The Lady is a tramp

October 23rd, 2012

Reviewing Edward Berenson’s new book, The Statue of Liberty: A Transatlantic Story, in The Weekly Standard, Emily Schultheis of National Affairs points out that the Statue of Liberty was not a gift from the French government to the American government, but was, “in fact and in spirit, […] an offering from the French people to the American citizenry.” This history, Schultheis notes, is important to understanding the statue and what it means today. She explains:

The idea first emerged in 1865 at a gathering of French intellectuals mourning the assassination of Abraham Lincoln, whom they adored for his opposition to slavery. Napoleon III had aided the Confederacy during the war, however, and these Frenchmen wanted to give the reunited American states a symbolic gift to solidify their relationship and celebrate the common ground—a love of liberty—shared by the two countries.

They concluded that only a colossus would do to convey an idea as vast and important as liberty. To support the statue from the inside, they recruited Gustave Eiffel (later of Tower fame) to build a skeleton—a flexible, 132-ton tower on which Lady Liberty’s wafer-thin exterior hangs. The exterior itself, though only 3/32 of an inch thick, weighs 88 tons.

[… F]unds for the statue and her base were raised almost entirely from private individuals on both sides of the Atlantic. ndeed, to raise funds, [Frederic Auguste] Bartholdi[, the statue’s architect,] had to be creative, and Berenson found that souvenirs of the Statue of Liberty—so ubiquitous in tourist shops around New York today—actually date from well before the statue was completed. Postcards, lithographs, and miniature figures of all sizes were sold to raise money to finish the project. […]

For their part, the American recipients took on the job of raising funds for the statue, as well as designing and building the base—a massive undertaking in itself, given the magnitude of Lady Liberty. Though repeatedly petitioned for funds, the robber barons and great families of New York City were not eager to contribute. However, Joseph Pulitzer of the New York World was a champion of the project and organized a brilliant campaign to raise funds through small donations from readers: Dimes, quarters, and dollars poured in from ordinary Americans, giving them all a stake in the statue. Ultimately, more than 121,000 people donated $102,000—one-third of the amount needed for the pedestal.

The Statue of Liberty, then, was a multi-national project to celebrate liberty and democracy, and because support for the project came from so many different corners, it is no wonder that interpretations of what the statue means have varied so widely. Lady Liberty’s “symbolic malleability,” as Berenson puts it, is in some ways part of the statue’s appeal: the statue can mean many different things to many different people. Schultheis recounts:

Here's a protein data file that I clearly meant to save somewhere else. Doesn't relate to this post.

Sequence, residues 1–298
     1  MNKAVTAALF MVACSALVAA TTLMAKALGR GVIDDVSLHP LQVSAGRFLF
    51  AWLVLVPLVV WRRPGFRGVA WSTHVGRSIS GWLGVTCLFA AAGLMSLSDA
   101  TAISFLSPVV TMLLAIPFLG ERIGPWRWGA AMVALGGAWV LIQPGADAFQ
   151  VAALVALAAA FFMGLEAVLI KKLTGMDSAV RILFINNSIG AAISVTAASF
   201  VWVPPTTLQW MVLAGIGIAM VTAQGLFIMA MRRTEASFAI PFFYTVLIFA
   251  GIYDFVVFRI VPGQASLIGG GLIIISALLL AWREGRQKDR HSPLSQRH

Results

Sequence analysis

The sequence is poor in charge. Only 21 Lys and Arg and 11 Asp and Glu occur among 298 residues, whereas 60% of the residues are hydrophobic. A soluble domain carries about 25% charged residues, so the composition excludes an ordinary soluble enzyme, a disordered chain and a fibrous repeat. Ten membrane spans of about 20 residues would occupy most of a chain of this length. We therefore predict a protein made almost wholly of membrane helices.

Berenson includes an entertaining chapter on the ways in which the Statue of Liberty has been used in advertisements, film, television, and popular culture. Her likeness has been used to sell everything from cigarettes to World War I Liberty Loans, the latter asking contributors to “Remember Your First Thrill of American Liberty.” Her versatility stems not only from her universal popularity, writes Berenson, but also her “status as a ‘hollow icon,’ open to almost any meaning, [allowing] her to stand just as easily for peace as for war.” She has been a popular cultural symbol for the better part of a century: Irving Berlin wrote an entire Broadway musical about her in 1949, and she has made appearances in a wide variety of Hollywood films, even coming alive to save New York in Ghostbusters II.

But whatever the statue may mean to individuals, Americans and the immigrants who have arrived at her feet are sure that she means something, as Schulteis concludes:

Berenson details the complicated 1986 restoration (including new rivets precovered with Liberty’s signature green patina to avoid a polka-dot look), completed in time for her centennial, for which New York hosted a four-day party. On the occasion, Paul Goldberger described her in the New York Timesas a “gesture of welcoming. .  .  . This great figure standing at the edge pulls New York together [and gives] the city an anchor. .  .  . The city that is too large and too busy to stop for anyone seems, through this statue, to stop for everyone.”

Related: Edward Kosner reviews The Statue of Liberty: A Transatlantic Story in the Wall Street Journal.

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